What’s Moe Zulfiqar pitching as “The one tech stock to buy and never sell?” I’ve seen a couple versions of this teaser ad come rolling into Gumshoe HQ over the past week or so, and it’s time for a quick Thinkolator answer for you…
The ad is peddling subscriptions to America’s Redemption, one of the newsletters from Lombardi publishing (Zulfiqar is apparently editor of this letter, now, last time we looked at this, several years back, it was Mitchell Clark — and he was peddling investment “prophesies” from the Bible), and it’s one of those “ramp up” subscription deals — you pay $5 up front, and then if you don’t cancel they charge you another $92.50 for a six month membership, and if you still don’t cancel they start renewing you at $295/year.
So, assuming you don’t want to commit to all that in the service of learning about this “secret” tech stock, let’s get you some answers… then, if you feel like it, you can consider a subscription to America’s Redemption if you feel like it, with no pressure and in the full light of day. OK?
Here’s a taste of the ad, including pretty much all the clues we need:
“… owning stock in this company is like owning Apple stock back in 2004… before it surged from $2 a share to over $150 today. It has the potential to deliver me massive returns, just like it already has for other investors, for these four specific reasons:
“The company possesses several “must-have” technologies car makers need (related to driver-assist technologies) that could make fatal car accidents a thing of the past.
“Gross profits have jumped from $2.8 billion in 2015 to $5.8 billion in 2017.
“The company has $4 billion in cash and equivalents in the bank….
“The stock has more than DOUBLED in value every year for the last three years alone! If I had invested just $500 per month in this tech stock beginning in 2003, I’d be sitting on more than $1.5 million today—and it keeps going up!”
OK, so that “if I had invested $500 per month” is a new one — we usually see pitches about “if you had invested X years ago, you’d be rich as Y,” not “invest every month” teases. And I needn’t tell you that anyone can backtest and identify which companies would have been the best ones to hold for the past 15 years, of course — predicting the past is pretty easy, predicting the future is where it gets hard.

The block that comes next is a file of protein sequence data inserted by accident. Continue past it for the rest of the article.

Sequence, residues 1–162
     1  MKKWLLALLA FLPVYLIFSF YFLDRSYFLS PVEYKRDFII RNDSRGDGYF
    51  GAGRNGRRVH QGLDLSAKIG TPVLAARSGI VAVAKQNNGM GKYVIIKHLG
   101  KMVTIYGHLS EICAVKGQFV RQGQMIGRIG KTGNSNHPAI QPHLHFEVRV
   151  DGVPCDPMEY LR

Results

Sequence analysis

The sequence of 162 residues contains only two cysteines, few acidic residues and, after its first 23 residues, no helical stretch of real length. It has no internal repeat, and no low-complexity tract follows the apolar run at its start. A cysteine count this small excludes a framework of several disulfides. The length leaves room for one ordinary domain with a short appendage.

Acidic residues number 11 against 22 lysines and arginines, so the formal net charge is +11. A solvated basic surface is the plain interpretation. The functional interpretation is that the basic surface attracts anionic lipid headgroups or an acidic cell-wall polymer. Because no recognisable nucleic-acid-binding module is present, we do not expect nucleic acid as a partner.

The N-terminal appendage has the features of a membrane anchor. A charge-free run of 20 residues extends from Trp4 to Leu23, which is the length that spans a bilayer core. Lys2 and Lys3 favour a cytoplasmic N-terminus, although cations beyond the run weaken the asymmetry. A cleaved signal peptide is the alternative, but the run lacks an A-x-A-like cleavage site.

If you’re curious about the math, by the way, that’s a total investment of $90,000 over those 15 years to get to your $1.5 million.
How about the rest? Well, they said that this special report went out about a week ago, so it’s still quite current, and this is obviously a pretty big company — there are only about 50 tech stocks that have gross profit over $5 billion a year. Add in the cash balance and the fact that it has doubled a few times already, and you’re left with only one answer… this is, sez the Thinkolator, our old friend NVIDIA (NVDA).
And yes, I own shares of this one, too. It’s been the true darling of tech stocks over the past several years, and for much of that time it has been the single best performing stock in the S&P 500. So no, you don’t need a newsletter to tell you about this ‘secret’ stock, it’s probably one of the most widely covered stocks outside of the FANG names… though you might need a strong stomach, or some convincing from your friendly neighborhood newsletter writer, to buy shares at current prices.
I added (very) slightly to my NVDA holdings recently, at prices near $225, but it’s a hard valuation at which to commit much capital (my cost basis is about $125, which makes it emotionally easier to ride the ups and downs)… particularly when we’re about a week away from NVDA’s next quarterly earnings release. Shares have bounced around quite a bit this year after a huge multi-year run, so you needn’t decide today — take your time, research, figure out if it’s a good risk/reward balance for you, personally… the stock has bounced up and down between $200-250 so far this year
But man, it is quite a company. NVIDIA has positioned itself at the core of some of the most important trends in technology — artificial intelligence, virtual reality, autonomous vehicles, cloud processing and increasingly “smarter” data centers, and, of course, their bread and butter business of graphics processing for video games. They have turned a brilliant insight a few decades ago, that graphics would be the heart of computing, into a leadership position in many of the most demanding end markets in the chip world.
I bought a few shares to add to my holdings mostly because I get a little “old time religion” feeling whenever I review NVIDIA’s materials — I love management’s passion for this market, and their focus on dominating and growing the market with constant R&D. NVIDIA has grown their R&D spending at an accelerating rate, up 20% over the past five years, at the same time that their only real “almost pure play” rival in GPUs, Advanced Micro Devices (AMD), has been cutting R&D spending. That might not be entirely fair — AMD, NVDA and Intel all spend fairly similar percentage of their sales on R&D, in the 20% neighborhood, and NVDA’s percentage has come down pretty sharply in recent years… it’s just that NVDA’s sales have grown very fast to support that spend and let the total sum grow nicely.
That’s no guarantee of success, of course — and the bigger threat is certainly that new purpose-built chip designs will cut into particular markets (like artificial intelligence, where better technologies may well rise up), or that true giants like Intel will be able to take some share away (Intel has plenty of other concerns on its plate as well, but does spend about 5X as much as NVDA on R&D)… but so far NVIDIA has been more than holding its own, and the stock price reflects that.